Feature Article of Tuesday, 2 October 2012
Columnist: Kuseh, Jerome Wematu
In a statement released by Fitch Ratings, on Friday, 21 September, 2012, Ghana's economy was rated as B+, indicating a stable outlook. The rating from the London agency comes just as the economy needed some good news, after some bashing from the conservative Forbes Magazine and Standard & Poor's rating agency, both of the US.
In the statement, Fitch noted:
"Ghana's rating is supported by robust economic performance as well as a strong growth outlook. A good governance record and a favourable business environment in comparison to 'B' rated sovereigns also underpins the rating. However, Fitch highlights that weak macroeconomic management as well as a poor fiscal track record pose concerns.
Growth is forecast to average 8.6% over the next three years. It will be boosted by rising oil production, as well as the positive spillover effects on the broader economy from the development of the oil sector. Infrastructure spending, which is needed to reduce bottlenecks, will also boost growth."
The favourable rating has been pointed to by the government as evidence that the harsh criticisms by Forbes and S&P were a retaliation to Ghana's refusal to allow Kosmos Energy LLC to sell its stake in the Jubilee oil field to ExxonMobil.
I sought to discuss the rating with a Ghanaian trader and investor on Twitter. He said that with the interest rates of Ghana's bonds being 24%, investors were certainly not amused by Ghana's rating and were thus seeking such a high return. He said the fact that the bonds were oversubscribed did not mean much and that Germany's bonds were at 0% and Greece's were at 24%, same as Ghana.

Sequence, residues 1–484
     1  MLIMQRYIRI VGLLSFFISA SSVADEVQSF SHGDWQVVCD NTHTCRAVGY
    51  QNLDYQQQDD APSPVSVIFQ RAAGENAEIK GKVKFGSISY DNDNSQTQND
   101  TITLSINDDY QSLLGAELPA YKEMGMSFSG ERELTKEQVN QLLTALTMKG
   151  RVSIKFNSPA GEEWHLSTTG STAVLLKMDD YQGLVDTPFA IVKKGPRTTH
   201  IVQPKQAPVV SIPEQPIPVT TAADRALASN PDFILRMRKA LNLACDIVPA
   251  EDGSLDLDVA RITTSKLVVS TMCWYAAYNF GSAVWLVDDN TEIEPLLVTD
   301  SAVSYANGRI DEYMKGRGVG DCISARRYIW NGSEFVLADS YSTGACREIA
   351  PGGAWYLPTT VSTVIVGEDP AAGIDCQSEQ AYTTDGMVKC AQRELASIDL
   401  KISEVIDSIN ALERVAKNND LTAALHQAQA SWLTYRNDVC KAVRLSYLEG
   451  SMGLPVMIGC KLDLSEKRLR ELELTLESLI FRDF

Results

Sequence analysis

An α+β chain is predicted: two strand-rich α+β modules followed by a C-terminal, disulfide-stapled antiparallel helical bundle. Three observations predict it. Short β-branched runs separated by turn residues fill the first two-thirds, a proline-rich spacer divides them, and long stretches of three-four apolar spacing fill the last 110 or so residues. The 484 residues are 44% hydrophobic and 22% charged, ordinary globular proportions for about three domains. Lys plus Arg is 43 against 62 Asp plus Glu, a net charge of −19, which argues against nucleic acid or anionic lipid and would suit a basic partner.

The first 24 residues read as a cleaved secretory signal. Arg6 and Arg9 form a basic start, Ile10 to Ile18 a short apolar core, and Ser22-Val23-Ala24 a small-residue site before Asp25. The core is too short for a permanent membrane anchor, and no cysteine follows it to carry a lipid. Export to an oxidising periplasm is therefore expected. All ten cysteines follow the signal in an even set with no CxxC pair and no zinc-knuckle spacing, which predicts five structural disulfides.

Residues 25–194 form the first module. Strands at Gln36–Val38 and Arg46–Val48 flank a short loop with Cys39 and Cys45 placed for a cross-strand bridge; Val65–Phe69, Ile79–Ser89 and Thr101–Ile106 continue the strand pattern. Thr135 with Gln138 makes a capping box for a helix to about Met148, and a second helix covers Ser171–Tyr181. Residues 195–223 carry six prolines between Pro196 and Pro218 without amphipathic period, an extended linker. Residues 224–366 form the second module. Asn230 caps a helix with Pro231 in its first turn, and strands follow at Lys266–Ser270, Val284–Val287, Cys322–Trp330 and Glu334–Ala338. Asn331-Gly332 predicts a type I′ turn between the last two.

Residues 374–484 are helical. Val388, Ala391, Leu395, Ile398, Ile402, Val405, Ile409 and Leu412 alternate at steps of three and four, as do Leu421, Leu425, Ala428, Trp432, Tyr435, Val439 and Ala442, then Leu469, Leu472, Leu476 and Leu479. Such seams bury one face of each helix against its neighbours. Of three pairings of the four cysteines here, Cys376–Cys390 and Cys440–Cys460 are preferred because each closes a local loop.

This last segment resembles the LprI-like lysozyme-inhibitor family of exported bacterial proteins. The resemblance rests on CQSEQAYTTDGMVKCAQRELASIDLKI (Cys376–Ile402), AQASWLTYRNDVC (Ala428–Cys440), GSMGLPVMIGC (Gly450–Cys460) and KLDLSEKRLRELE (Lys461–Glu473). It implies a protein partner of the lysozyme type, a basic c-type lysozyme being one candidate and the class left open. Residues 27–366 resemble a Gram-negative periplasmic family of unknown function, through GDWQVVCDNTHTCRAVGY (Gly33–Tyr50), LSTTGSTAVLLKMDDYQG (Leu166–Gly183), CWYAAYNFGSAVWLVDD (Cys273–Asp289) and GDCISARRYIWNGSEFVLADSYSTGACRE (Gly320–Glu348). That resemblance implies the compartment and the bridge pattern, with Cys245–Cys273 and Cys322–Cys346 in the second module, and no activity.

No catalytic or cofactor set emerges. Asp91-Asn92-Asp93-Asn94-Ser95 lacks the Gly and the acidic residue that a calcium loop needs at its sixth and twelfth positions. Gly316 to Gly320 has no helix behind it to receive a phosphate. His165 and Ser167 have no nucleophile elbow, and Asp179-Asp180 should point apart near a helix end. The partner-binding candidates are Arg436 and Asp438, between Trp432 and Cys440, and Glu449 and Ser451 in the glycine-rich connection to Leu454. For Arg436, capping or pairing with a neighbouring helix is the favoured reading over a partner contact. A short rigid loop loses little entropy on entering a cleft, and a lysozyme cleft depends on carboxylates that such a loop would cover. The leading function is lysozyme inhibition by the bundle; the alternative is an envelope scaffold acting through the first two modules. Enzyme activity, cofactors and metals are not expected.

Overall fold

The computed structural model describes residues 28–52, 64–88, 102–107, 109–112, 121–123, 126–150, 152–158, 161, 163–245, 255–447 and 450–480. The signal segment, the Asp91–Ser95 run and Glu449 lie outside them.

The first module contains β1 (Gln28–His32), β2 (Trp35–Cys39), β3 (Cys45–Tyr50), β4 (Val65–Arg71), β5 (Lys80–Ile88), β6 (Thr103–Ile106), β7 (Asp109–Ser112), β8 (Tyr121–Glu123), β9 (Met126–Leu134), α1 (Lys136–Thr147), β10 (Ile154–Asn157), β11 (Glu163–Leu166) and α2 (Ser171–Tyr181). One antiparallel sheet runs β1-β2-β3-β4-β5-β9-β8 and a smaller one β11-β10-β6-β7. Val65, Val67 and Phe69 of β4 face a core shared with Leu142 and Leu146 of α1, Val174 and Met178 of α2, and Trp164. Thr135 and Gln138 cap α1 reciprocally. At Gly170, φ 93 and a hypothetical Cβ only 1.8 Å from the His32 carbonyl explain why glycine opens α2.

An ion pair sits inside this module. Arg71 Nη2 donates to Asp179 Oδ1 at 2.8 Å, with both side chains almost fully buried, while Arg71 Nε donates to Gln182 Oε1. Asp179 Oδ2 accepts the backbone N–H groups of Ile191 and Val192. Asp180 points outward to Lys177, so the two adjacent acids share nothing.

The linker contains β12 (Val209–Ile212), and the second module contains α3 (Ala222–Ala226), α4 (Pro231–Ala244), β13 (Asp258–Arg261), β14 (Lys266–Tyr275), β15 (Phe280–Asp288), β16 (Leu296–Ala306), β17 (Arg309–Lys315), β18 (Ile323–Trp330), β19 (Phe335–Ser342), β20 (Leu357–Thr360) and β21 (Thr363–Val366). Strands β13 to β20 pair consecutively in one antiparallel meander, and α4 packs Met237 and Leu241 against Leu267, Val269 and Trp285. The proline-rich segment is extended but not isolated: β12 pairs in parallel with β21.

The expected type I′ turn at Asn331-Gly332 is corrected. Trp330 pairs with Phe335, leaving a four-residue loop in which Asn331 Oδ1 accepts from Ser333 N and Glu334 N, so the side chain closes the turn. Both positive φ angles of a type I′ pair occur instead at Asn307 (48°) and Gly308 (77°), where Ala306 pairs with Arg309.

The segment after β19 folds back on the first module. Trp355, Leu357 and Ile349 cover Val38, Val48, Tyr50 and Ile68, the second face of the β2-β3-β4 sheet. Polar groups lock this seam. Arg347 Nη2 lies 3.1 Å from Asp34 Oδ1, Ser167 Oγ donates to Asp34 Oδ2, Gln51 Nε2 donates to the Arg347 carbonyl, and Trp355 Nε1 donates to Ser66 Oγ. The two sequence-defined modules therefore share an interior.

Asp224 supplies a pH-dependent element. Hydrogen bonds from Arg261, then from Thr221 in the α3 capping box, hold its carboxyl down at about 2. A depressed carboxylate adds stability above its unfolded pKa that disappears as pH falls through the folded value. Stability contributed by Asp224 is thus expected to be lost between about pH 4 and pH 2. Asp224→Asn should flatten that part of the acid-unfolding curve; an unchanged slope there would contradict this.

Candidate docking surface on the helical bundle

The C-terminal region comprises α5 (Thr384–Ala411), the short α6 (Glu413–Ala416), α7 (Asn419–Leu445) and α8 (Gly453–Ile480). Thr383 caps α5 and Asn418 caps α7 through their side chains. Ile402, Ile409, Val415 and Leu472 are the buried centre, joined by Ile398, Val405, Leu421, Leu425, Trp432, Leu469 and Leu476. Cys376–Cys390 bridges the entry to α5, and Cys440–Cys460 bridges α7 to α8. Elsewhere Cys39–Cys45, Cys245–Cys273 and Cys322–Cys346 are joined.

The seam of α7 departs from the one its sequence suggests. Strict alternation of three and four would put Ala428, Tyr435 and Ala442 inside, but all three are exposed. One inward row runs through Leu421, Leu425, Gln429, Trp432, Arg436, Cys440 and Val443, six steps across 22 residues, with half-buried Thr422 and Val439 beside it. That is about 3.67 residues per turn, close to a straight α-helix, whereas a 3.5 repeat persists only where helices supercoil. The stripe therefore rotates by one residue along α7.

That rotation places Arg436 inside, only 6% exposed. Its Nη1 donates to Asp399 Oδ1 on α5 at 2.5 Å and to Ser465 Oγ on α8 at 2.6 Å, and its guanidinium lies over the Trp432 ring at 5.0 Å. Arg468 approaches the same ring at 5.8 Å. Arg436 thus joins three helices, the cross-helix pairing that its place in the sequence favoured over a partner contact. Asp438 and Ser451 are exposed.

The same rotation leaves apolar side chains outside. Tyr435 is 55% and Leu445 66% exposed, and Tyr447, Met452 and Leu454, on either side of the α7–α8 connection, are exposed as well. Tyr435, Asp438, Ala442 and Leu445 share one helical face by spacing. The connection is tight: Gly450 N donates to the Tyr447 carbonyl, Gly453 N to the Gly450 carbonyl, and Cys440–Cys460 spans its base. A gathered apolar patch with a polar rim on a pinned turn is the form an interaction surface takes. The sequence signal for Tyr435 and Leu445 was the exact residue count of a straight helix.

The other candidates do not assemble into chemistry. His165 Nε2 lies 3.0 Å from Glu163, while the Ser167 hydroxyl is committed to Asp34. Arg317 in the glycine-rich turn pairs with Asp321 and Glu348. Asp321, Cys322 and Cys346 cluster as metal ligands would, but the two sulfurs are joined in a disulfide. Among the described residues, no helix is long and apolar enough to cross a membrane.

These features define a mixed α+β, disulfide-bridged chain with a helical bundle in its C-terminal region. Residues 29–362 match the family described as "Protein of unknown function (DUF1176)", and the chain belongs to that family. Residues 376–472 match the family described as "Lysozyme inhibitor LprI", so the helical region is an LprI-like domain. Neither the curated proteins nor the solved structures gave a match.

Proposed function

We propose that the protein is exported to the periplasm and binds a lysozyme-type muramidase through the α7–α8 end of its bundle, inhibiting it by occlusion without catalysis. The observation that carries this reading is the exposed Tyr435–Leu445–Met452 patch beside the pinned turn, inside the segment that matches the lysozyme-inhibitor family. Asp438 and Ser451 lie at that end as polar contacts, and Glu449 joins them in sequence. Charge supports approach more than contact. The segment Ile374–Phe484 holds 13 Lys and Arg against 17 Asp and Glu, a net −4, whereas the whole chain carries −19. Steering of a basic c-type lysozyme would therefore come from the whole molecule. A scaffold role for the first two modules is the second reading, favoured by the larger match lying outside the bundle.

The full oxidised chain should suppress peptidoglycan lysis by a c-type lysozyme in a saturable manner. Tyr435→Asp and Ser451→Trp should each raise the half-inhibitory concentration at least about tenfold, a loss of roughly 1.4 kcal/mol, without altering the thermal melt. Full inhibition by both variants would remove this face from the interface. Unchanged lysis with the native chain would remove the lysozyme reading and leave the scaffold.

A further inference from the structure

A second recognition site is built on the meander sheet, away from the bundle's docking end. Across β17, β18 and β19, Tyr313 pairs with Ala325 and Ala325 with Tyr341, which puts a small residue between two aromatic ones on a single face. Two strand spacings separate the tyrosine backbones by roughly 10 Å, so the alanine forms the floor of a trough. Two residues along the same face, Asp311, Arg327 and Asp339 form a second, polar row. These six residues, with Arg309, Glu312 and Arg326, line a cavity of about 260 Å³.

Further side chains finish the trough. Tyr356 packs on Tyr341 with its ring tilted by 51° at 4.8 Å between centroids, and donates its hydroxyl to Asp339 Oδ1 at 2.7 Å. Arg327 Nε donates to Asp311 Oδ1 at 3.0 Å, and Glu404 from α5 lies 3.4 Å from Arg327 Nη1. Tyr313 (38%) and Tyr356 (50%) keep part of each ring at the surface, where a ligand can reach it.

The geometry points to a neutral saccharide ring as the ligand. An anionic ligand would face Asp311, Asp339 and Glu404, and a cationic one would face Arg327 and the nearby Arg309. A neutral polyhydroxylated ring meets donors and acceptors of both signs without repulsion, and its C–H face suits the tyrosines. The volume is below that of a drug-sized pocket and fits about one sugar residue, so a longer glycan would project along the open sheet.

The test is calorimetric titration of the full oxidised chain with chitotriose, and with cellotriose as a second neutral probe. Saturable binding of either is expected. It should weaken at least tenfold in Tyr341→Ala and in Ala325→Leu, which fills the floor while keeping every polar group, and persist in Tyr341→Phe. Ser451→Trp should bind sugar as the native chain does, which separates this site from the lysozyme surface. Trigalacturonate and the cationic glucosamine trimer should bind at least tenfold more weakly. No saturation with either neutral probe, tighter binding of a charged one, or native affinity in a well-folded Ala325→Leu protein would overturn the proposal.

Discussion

I argued that Germany was trying to drive private sector investment and spending with that 0% rate, and the fact that investors are going for a 0% risk-free rate meant there's little or no confidence in investing in the economy. I also argued that Greece had a stable currency, the Euro, while the cedi had depreciated 16.8% against the $ from the start of the year, that meant investing in Ghana should have been riskier, but we have the same coupon interest rates on our bonds.
On Thursday, 23 August, 2012, the Bank of Ghana issued 5-year bonds hoping to raise GH?300m. The result: a close to 300% over subscription, with the government accepting close to GH?900m at a yield of 23%. About 90% of the bids were from foreign investors.
I think this outcome is a vote of confidence, despite the high nominal rates. With inflation at 9.5%, the real yield is 12.33%. If inflation does reach 12% by year end as the Centre for Economic and Policy Analysis (CEPA) is predicting, that's an even lower yield. Not forgetting the volatility of the cedi in an election year (although it has stabilised since July).
No need to get complacent though. The Institute of Statistical, Social and Economic Research (ISSER) of the University of Ghana have cast doubts on the government's ability to meet fiscal targets. They also pointed out the 67.7% of Ghana's public expenditure on salaries, and said that the salary increases must be matched by increased productivity. IMANI Ghana has also recently buffeted the Single Spine Payment Policy, believing it to be unsustainable. The rating is certainly good news, and it will boost investor confidence, but adopting some of the scepticism of my investor friend does make sense in this unpredictable financial world.
By: Jerome Wematu Kuseh